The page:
Statistical cost estimating is a method of using statistics to determine the range of values of a cost estimate and the probability that the actual cost will occur between the two values in the range. This is the same technique that is discussed in the PERT method that is discussed in Time Management under "What is the PERT method?" The PERT technique is used to estimate the project duration. Here it is applied to estimating cost. The calculations are exactly the same here as they are in the PERT technique.

Most of the time in cost estimating we are satisfied with an estimated range of values that has a 95 percent probability of having the actual cost of the estimated item falling within the range. This is the range of values that is the expected value of cost plus two standard deviations and minus two standard deviations.

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In the PERT technique discussed in Time Management, we attempt to determine the probability of the project’s being completed between a pair of dates. The range of dates is the expected completion date of the project plus or minus two standard deviations calculated using the equations above. While the dates are approximations based on using a normal distribution, a skewed probability distribution such as the beta distribution (see SKEWED PROBABILITY DISTRIBUTION) would be more correct, but the results are accurate enough for schedule estimates. These same assumptions are equally valid for cost estimating.

Note that because of statistical convergence, the more details that are included in the cost estimate, the more accurate the cost estimate becomes. This is simply because, mathematically, the more detail that is present in the estimate, the more accuracy there will be. In a detailed estimate we have individual estimates for each of the details. It is reasonable and statistically accurate to say that some of the estimates will be overestimates and others will be underestimates. When these estimates are added together, the overestimates and the underestimates will tend to cancel each other out. This, in turn, makes the overall cost summary more accurate.

Suppose we have an estimate that we are doing for a new product. It is estimated that the most likely cost for the project will be $63,000. Based on this estimate, we have determined that the standard deviation of the estimate is $1,250. If we were interested in an estimate that had a range of values such that the actual cost would be more than the minimum and less than the maximum, it would be reasonable to use + or − two standard deviations from the most likely value. In this case it would be $63,000 +$2,500 and −$2,500 and the range of values would be $65,500 to $60,500. If this project were being bid competitively or if the product we were making had a very narrow price range, we would probably want to have more accurate estimates.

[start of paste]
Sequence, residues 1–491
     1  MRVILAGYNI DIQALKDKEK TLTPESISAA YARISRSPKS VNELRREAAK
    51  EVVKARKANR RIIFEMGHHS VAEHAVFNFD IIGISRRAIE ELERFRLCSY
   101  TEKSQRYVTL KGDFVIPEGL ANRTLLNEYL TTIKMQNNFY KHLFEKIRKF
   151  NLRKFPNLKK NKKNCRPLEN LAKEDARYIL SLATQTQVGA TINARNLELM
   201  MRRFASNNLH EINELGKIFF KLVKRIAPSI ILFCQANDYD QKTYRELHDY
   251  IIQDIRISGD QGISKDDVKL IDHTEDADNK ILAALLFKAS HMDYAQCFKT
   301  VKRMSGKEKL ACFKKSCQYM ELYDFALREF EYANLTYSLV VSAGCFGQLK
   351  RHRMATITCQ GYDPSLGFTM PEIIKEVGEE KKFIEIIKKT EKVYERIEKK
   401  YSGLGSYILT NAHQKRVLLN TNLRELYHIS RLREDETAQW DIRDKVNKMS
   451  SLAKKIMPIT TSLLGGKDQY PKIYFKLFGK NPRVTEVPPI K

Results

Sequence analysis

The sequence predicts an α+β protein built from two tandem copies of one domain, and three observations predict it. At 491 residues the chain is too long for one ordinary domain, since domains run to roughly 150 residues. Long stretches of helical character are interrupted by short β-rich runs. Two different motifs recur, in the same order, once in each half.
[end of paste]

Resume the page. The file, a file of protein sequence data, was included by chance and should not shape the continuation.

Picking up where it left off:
To do this and take advantage of the convergence of the standard deviation, we could break the product into five subassemblies as shown in EXAMPLE: INCREASING DETAIL OF AN ESTIMATE. Once the subassemblies were identified, we could estimate the cost of each by estimating the optimistic, pessimistic, and most likely values. We could then calculate the expected value of each subassembly and its standard deviation. To get the overall revised estimate of the cost of the whole product, we then sum the standard deviations by first squaring them, then adding them together, and then taking the square root of the total.

An estimate is broken down into five subestimates (figures in thousands), Complete estimate has total cost of $63,000 with $640 std dev.

Now we still have an expected value of $63,000, but the standard deviation is $640. To get the 95 percent range of values as we did earlier, we take the $63,000 and + or − two standard deviations but now use $640 instead of $1,250. This gives us $63,000 + $1,280 − $1,280, or a range of values of $64,280 to $61,720. Simply decomposing the project into five components has had a significant increase in the accuracy of our estimate.

The interesting thing about estimating using this technique is that it tells you when you have done enough estimating work and what you must do to improve the estimate to where it will serve your current needs. Many times people spend too much work in producing an estimate that is too accurate for the purpose. This is a waste of effort.

By the use of this technique we begin our project with order of magnitude estimates that have a relatively low accuracy required (−25 percent to +75 percent). As we progress closer to making a commitment, we will want to increase the accuracy of our estimates to a 95 percent probability of having the actual cost come between the range of values that is estimated. To do this all that needs to be done is to look at the value of the largest subcomponent in the previous estimate and break that component down into sub-subcomponents and independently estimate the cost of each of those components. By doing this we will reduce the magnitude of the standard deviation of the total and thereby improve the overall accuracy of the total estimate. If the range of values and the probability of the actual cost being within them is good enough for this estimate, then we can stop work. If the range of values or the probability is not good enough, then we look for the next large component of cost and break it down into subgroups and recalculate our estimate. The standard deviation magnitude will become smaller and the range of values for a given probability will also become smaller.